rothwell-eric

In today’s world of advancing technology, ISG Electrical Engineer Eric Rothwell takes pride in devising innovative electrical solutions that help place partners at the forefront of their industries. From helping facility owners maintain balanced power systems to integrating visual displays, remote connections, and video conferencing capabilities, Eric’s designs continue to shape the interconnectivity of the places where we live, work, play, and learn.

In the office, his peers will tell you that Eric is always equipped with a joke to make you smile, and that his sunny and dedicated attitude brightens the workplace. Let’s talk with Eric and see for ourselves!

Tell us something interesting about electrical engineering that most people don’t know?

Homer Simpson would be much busier than the show writers of The Simpsons let on. The power we use every day is created in real time and cannot be stored in a meaningful fashion. Therefore, power plants (like the nuclear power plant Homer works at in the fictional City of Springfield) must constantly be ramped up and down to match demand, and it is an electrical engineer’s job to create a safe and efficient system that can accommodate this power demand. If power production lags behind demand, it is called a brown-out. When this happens, the lower voltage forces electronics to draw more current, which can degrade lifespan or even cause equipment failure.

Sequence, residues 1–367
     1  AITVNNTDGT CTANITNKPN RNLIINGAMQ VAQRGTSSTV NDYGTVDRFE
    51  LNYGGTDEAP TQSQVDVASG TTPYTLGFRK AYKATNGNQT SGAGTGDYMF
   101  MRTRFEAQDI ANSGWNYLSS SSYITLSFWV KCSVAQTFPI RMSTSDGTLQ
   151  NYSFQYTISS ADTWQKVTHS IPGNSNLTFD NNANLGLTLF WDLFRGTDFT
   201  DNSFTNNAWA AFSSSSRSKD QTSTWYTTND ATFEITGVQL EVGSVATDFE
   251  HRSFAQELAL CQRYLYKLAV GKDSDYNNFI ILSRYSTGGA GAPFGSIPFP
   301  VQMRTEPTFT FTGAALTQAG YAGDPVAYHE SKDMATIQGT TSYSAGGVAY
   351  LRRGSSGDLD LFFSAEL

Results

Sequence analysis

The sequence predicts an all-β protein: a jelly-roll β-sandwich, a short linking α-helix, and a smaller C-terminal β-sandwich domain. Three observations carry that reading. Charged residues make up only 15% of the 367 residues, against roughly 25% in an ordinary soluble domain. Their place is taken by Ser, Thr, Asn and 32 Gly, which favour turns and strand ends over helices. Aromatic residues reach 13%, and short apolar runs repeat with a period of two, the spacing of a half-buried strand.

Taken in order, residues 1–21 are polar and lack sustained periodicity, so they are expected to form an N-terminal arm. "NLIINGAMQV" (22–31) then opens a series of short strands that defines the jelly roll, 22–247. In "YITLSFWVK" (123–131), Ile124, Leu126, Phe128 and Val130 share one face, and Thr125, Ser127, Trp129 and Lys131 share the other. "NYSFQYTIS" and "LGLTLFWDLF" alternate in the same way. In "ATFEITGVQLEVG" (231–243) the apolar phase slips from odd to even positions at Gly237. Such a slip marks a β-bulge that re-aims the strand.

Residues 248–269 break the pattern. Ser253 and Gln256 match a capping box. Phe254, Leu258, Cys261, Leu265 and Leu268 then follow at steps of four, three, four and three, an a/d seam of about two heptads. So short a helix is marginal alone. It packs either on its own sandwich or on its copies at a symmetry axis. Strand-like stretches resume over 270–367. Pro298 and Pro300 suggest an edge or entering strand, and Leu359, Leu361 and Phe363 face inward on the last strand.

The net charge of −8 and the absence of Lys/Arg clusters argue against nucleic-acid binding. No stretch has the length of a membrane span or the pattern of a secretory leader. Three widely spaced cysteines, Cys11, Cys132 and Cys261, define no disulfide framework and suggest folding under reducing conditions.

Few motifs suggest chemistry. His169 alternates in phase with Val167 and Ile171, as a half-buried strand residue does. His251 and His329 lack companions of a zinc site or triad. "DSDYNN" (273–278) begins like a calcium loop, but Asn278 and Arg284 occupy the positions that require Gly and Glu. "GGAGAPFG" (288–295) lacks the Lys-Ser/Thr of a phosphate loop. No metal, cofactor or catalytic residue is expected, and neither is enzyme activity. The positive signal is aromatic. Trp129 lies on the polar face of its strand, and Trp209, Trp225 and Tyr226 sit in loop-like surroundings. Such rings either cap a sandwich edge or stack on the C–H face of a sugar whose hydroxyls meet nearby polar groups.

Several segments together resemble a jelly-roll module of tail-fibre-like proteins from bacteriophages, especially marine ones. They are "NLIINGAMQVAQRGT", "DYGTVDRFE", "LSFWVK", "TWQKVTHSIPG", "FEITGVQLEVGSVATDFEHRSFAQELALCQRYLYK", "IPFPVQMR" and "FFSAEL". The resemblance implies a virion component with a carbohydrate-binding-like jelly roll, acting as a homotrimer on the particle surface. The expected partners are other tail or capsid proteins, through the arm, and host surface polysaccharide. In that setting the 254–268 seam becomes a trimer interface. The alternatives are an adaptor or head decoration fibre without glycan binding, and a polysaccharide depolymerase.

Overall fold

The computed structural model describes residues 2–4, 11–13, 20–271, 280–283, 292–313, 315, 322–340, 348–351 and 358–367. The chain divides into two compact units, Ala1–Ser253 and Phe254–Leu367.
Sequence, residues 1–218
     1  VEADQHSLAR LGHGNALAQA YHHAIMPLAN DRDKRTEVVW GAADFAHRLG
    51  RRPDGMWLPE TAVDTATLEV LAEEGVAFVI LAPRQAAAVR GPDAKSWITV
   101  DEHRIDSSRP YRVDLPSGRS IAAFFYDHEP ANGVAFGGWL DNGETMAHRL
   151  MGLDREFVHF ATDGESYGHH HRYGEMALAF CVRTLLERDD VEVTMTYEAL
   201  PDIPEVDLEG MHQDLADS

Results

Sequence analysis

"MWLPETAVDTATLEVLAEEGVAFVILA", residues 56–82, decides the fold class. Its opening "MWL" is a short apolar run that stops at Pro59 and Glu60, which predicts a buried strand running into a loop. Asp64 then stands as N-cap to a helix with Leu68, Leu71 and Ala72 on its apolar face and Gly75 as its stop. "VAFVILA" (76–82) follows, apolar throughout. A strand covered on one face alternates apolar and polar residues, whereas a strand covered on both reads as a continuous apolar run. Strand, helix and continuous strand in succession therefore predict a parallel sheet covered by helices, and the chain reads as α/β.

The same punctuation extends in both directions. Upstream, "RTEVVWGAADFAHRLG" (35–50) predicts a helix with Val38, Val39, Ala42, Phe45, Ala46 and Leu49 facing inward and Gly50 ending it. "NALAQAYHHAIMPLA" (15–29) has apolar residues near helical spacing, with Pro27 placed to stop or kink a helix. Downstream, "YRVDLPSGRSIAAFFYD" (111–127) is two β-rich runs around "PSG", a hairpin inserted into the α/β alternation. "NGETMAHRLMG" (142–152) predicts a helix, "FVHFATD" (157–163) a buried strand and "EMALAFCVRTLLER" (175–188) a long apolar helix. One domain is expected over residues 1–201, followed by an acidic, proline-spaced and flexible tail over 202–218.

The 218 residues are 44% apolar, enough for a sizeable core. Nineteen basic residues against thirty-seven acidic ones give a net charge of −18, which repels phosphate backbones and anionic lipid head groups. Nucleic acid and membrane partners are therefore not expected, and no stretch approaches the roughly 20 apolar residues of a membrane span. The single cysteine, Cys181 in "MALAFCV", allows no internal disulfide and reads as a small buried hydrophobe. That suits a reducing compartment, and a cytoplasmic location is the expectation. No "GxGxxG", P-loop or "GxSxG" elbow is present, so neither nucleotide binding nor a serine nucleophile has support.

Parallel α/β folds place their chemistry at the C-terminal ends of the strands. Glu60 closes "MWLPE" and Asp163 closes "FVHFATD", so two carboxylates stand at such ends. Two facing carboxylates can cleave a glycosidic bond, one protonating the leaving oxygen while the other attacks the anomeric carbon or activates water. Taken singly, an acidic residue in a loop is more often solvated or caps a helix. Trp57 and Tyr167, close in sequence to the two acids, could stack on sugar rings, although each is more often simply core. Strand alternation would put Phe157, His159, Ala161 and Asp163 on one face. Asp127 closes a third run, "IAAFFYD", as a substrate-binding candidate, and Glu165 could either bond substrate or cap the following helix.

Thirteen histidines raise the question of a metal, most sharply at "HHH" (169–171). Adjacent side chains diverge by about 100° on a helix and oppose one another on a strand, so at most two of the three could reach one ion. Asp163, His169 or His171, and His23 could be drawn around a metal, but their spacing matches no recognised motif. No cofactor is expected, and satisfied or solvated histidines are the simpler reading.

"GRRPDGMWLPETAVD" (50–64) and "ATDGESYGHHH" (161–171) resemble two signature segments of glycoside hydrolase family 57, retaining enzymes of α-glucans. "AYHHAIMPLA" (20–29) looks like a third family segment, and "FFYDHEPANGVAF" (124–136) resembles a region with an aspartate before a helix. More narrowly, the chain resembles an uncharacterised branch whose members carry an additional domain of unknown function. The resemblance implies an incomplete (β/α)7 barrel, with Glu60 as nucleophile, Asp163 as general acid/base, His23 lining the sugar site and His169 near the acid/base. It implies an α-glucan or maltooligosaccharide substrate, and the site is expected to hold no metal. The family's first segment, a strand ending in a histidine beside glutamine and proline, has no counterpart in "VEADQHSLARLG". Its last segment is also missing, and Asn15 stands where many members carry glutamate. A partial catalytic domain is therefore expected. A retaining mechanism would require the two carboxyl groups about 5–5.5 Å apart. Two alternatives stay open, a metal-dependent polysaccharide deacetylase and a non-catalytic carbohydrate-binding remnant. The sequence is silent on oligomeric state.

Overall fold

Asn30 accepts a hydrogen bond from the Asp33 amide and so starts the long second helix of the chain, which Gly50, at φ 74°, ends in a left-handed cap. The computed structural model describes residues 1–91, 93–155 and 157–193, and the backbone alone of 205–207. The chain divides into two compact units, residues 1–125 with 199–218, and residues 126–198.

Lesson learned: Homer is pretty important guy.

What is a work project you are currently involved in that makes you excited to show up to work each day?

I am very excited to see the Hanson Family Fine Arts Center in Forest City, Iowa, take shape. Large scale AV projects are always challenging in the best possible way. They tend to combine needs assessments, creative solution development, and nerdy researching in a way that I find deeply satisfying.

forest-city-rendering-5-3-2017

What do you enjoy most about working as an electrical engineer?

Learning and keeping up on emerging technologies – Modern day is basically a flying car short of a 50s sci-fi book with less hokey robots! Working with a ton of great gadgets is a lot of fun, but it is also critical to the job. In today’s world, technology is constantly advancing, and it is important to stay up to date with the leading  equipment in order to continue providing the best solutions for our clients.

Fun fact time! What is one thing about you that people can’t tell from looking at you?

I greatly disliked three-pronged forks well before The Big Bang Theory. Forks should have four tines*; it’s even in the name “for”k. The trident versions are always unnecessarily oversized, but not quite useful like a serving fork. Eating rice or any other small fare is painful with the large gaps, and as for meat, you may as well just wield akimbo steak knives and feast like a Viking.

*Eric would like to note that he realizes some smaller shrimp or fish forks traditionally have two or three tines. However, his preference is that short of attending a fancy dinner party in an English Tudor, the salad and dinner versions should suffice.

strategic-des-moines-planning

Eric’s blend of humor and electrical knowledge can be found at ISG’s Des Moines, Iowa, office, where he helps translate big technology ideas into practical electrical design solutions. And, where he enjoys his meals with a FOUR-pronged fork.

#EmployeeOwned #ISGIngenuityatWork #ISGElectricalEngineering
Sam Boeck

Meet Sam Boeck

Sam leads talent engagement at ISG, focusing on providing innovative and strategic direction for talent engagement initiatives, including professional development, culture, and recruitment. Frankly put, Sam embodies ISG’s culture and...

Leave a Reply

Your email address will not be published. Required fields are marked *